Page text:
lectures.notes6-4 - linear independence, we can do this to...

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SECTION 6.4 HOW TO GET AN ORTHOGONAL BASIS THE BASIC PROBLEM. Given a subspace W , we want to find an orthogonal basis for W . We can suppose we already have a basis for W , either because that’s how we got W in the first place, or if not, then we can produce a basis by starting with a nonzero vector in W , then adding vectors from W that aren’t in the span of the vectors we already have. So now we have a basis { u 1 , u 2 , u 3 , u 4 } for a subspace W . (Of course, 4 is not special!) Put u 1 in our proposed orthogonal basis B . The next vector in B must be orthogonal to u 1 and should surely come from u 2 . We know how to get such a vector: project u 2 onto u 1 and subtract the result from u 2 . Write this down and check out the spans. Do this again using the projection of u 3 onto the span of the first two. Write this down. CONTINUE! This is called the Gram-Schmidt Process. Since multiplying vectors by nonzero scalars does not change orthogonality or span or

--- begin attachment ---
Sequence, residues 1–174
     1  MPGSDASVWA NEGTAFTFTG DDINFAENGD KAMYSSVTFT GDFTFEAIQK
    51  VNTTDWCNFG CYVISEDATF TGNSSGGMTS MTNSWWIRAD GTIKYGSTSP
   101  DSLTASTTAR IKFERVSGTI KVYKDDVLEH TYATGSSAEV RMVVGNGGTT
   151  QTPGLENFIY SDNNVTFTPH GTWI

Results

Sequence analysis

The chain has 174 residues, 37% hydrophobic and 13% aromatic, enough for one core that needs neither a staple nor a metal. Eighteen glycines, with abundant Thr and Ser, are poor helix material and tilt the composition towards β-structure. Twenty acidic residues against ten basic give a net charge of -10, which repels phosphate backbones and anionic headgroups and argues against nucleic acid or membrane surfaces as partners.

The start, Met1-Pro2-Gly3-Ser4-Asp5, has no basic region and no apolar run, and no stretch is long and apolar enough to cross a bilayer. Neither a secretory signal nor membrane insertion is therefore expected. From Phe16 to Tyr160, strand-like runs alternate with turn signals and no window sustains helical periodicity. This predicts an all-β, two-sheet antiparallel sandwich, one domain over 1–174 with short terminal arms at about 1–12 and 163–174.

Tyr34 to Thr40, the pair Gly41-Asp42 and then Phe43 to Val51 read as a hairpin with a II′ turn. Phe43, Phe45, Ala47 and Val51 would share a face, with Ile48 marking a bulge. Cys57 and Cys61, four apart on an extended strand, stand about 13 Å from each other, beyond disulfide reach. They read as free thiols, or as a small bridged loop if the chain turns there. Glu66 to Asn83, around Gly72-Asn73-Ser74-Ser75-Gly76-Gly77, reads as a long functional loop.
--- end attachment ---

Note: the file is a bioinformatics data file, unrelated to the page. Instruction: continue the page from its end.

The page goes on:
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Unformatted text preview: linear independence, we can do this to make arithmetic easier. EXAMPLE. Find an orthogonal basis for the column space of -1 6 6 3-8 3 1-2 6 1-4-3 . Use the vectors in the orthogonal basis weve found as columns of a matrix Q . Compute Q T Q and Q T A , divide the rows of Q T A by the corresponding entries in Q T Q to get a matrix R . Finally, calculate QR . This always works and is usually done by using vectors in an orthonormal basis, rather than just an orthogonal basis. When the matrix A has linearly independent columns, then using Gram-Schmidt we can nd a matrix Q whose columns are an orthonormal basis for Col A . If we put R = Q T A , then we get the QR factorization of A as A = QR , where R is an invertible upper triangular matrix. HOMEWORK: SECTION 6.4...
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lectures.notes6-4 - linear independence, we can do this to...

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